Chromatin is organized into different chromatin domains. Centromere is a specialized chromatin domain that plays a vital role in chromosome segregation [1–3]. In most eukaryotes, centromere is surrounded by the epigenetically distinct heterochromatin domains. Peri-centromeric heterochromatin is usually composed of tandem DNA repeats that are organized into condensed, transcriptionally silenced structures. The region contains the conserved hallmark of heterochromatin, histone H3 lysine 9 (H3K9) methylation . Heterochromatin has been shown to contribute to centromere function [4–9]. But its exact role in centromere assembly remains unknown.
The vast majority of eukaryotes have “regional centromeres”, which contain large regions of DNA, hosting multiple microtubule nucleation sites. DNA sequence in regional centromeres is highly variable among species. Sequence-independent epigenetic mechanisms are crucial for specification of “regional” centromeres. A conserved histone 3 (H3) variant protein, CENP-A, serves as the epigenetic mark for centromeres [1–3]. The histone variant partially replaces the canonical histone H3 in centromeres, and is assembled into unique CENP-A nucleosomes that promote kinetochore assembly. CENP-A proteins across species share a conserved C-terminal histone fold domain containing the CENP-A targeting domain (CATD), while the N terminus tails are vastly divergent in sequence and length [10–12]. It has been proposed that CENP-A evolves adaptively in concert with the centromeric sequence [8, 13].
Unlike other eukaryotes, the budding yeast Saccharomyces cerevisiae contain genetically defined “point centromeres”. Point centromeres are only ~125 base pairs in length, and this short DNA sequence is necessary and sufficient for centromere formation. The centromeric DNA is recognized by specific DNA-binding proteins that recruit the CENP-A homolog, Cse4, to drive kinetochore assembly [1, 14, 15]. Noticeably, point centromeres lack peri-centromeric heterochromatin. The transition between regional centromeres and point centromeres is considered as one of the most dramatic evolutionary events in centromere evolution . It has been shown that major heterochromatin proteins and RNAi machinery were lost in budding yeast [16, 17]. The evolution event appears coupled with the emergence of point centromeres. This raised an important question of how epigenetically-defined regional centromere that requires heterochromatin machinery evolved to a genetically defined point centromere that relinquishes the requirement for these proteins .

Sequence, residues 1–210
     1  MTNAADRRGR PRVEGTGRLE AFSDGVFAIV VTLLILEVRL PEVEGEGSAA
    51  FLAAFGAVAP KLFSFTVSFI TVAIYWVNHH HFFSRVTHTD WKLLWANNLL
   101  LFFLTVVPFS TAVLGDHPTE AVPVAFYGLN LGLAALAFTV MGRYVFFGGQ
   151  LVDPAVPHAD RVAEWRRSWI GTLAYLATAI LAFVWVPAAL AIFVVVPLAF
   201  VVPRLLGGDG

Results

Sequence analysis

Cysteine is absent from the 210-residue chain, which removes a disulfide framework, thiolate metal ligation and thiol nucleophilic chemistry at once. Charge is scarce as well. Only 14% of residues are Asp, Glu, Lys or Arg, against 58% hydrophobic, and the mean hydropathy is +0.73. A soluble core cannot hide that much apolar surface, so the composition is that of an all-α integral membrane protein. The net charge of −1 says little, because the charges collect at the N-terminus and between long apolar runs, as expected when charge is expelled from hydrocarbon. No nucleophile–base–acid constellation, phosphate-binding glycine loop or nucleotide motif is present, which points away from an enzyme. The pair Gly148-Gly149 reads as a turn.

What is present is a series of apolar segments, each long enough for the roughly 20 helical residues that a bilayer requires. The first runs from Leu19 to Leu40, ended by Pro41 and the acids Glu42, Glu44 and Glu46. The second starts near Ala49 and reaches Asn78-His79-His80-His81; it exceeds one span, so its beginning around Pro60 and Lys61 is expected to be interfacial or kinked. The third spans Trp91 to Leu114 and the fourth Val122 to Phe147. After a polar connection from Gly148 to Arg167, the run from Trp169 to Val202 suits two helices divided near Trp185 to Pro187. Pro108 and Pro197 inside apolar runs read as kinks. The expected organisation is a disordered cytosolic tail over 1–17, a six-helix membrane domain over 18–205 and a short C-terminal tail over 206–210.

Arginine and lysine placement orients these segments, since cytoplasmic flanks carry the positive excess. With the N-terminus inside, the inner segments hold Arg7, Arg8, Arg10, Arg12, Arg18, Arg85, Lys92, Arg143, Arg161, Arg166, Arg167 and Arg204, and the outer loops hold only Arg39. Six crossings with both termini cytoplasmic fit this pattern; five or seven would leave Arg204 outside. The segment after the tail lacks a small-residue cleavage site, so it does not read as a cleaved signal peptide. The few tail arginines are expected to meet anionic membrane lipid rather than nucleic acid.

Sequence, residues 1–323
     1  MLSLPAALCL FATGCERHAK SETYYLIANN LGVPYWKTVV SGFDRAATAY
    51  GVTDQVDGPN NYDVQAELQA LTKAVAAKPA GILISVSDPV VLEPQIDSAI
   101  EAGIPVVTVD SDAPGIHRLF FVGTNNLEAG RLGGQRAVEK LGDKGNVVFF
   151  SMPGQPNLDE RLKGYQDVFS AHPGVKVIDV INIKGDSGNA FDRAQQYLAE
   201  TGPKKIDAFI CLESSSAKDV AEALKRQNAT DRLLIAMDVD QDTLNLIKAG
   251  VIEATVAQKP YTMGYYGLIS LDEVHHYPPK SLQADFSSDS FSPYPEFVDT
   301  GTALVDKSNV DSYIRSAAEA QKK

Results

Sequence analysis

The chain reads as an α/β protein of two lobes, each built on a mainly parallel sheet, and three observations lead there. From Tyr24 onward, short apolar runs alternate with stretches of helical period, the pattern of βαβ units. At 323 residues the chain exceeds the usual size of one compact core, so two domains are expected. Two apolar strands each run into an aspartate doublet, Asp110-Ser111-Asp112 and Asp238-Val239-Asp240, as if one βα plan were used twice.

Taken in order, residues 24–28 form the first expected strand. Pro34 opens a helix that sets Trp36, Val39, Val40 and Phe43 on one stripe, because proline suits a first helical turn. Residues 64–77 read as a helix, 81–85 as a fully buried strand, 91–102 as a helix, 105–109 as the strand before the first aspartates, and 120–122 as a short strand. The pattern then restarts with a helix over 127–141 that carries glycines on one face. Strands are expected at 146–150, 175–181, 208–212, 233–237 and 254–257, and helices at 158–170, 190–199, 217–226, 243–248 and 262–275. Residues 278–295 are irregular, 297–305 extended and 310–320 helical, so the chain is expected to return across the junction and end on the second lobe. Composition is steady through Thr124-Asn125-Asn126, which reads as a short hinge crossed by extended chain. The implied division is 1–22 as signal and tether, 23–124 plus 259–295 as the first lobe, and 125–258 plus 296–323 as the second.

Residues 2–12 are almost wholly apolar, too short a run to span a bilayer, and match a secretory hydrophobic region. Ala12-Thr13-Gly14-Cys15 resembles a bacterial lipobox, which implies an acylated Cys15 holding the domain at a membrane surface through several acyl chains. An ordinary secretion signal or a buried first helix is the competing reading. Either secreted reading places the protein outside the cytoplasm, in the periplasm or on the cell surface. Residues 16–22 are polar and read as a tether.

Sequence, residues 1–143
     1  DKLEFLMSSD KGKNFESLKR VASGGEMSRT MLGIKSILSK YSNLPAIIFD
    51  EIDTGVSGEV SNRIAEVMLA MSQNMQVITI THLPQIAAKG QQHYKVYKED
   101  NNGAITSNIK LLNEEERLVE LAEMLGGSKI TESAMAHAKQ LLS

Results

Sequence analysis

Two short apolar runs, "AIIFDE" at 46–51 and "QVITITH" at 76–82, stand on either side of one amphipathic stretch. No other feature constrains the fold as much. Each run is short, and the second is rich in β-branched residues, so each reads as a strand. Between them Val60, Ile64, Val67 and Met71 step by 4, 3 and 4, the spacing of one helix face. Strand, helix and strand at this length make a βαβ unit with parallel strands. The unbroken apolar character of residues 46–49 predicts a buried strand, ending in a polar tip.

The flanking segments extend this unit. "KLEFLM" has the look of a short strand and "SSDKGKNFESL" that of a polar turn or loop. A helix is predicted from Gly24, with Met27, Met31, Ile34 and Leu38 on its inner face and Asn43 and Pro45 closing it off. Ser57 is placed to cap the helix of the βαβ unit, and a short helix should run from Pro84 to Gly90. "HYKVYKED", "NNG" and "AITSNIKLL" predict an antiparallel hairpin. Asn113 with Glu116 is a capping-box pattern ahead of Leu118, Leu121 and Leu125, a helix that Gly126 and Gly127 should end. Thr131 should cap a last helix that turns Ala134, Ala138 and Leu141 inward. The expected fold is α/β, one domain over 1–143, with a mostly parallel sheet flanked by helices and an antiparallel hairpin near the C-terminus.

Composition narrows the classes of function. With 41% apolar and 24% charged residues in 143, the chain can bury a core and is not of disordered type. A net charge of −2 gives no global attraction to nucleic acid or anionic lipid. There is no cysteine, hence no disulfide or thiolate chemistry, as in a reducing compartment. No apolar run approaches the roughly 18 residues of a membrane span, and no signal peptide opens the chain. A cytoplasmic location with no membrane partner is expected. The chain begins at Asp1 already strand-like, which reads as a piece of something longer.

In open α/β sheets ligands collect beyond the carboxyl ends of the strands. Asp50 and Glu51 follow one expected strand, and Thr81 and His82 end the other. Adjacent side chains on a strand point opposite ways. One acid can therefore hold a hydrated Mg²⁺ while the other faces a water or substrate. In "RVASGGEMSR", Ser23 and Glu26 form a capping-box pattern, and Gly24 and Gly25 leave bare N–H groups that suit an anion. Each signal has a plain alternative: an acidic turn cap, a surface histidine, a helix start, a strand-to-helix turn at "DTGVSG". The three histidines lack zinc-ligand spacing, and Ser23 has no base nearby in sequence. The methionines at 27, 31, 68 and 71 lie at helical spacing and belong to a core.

Mistargeting of CENP-A to non-centromeric regions has been reported to produce ectopic kinetochores, and trigger chromosome instability and aneuploidy in multiple organisms. Overexpression of CID, the Drosophila CENP-A, promotes formation of ectopic centromere, leading to chromosome missegregation and growth defects . Interestingly, ectopic centromeres prefer to assemble at regions near heterochromatin . In budding yeast S. cerevisiae, mislocalization of Cse4 also results in defects in chromosome segregation . Overexpression and mispositioning of CENP-A have been found in many cancer cells and contribute to carcinogenesis [21–25]. One of the conserved mechanisms used to prevent CENP-A mispositioning is ubiquitin-dependent proteolysis. Proteolysis of CENP-A in both budding yeast and Drosophila ensures the exclusive restriction of CENP-A at centromeres [26–28]. Both the N-terminus and the CATD domain in the conserved C-terminus in the budding yeast Cse4 are important for proteolysis of the protein [29, 30]. A recent study showed that the FACT (facilitates chromatin transcription/transactions) complex mediates the degradation of Cse4 by destabilizing the ectopic Cse4 nucleosomes and facilitating the interaction of the E3 ubiquitin ligase, Psh1, with Cse4 . On the other hand, the kinetochore has been reported to protect Cse4 at point centromeres from ubiquitin-mediated proteolysis [26, 32]. The association of Scm3/HJURP, a CENP-A specific chaperone, was also suggested to play a role in guarding Cse4 at centromeres . In addition, the kinetochore is implicated in protecting of CENP-A degradation in regional centromeres in Candida albicans . However, how CENP-A is protected from degradation especially at regional centromeres remains poorly understood.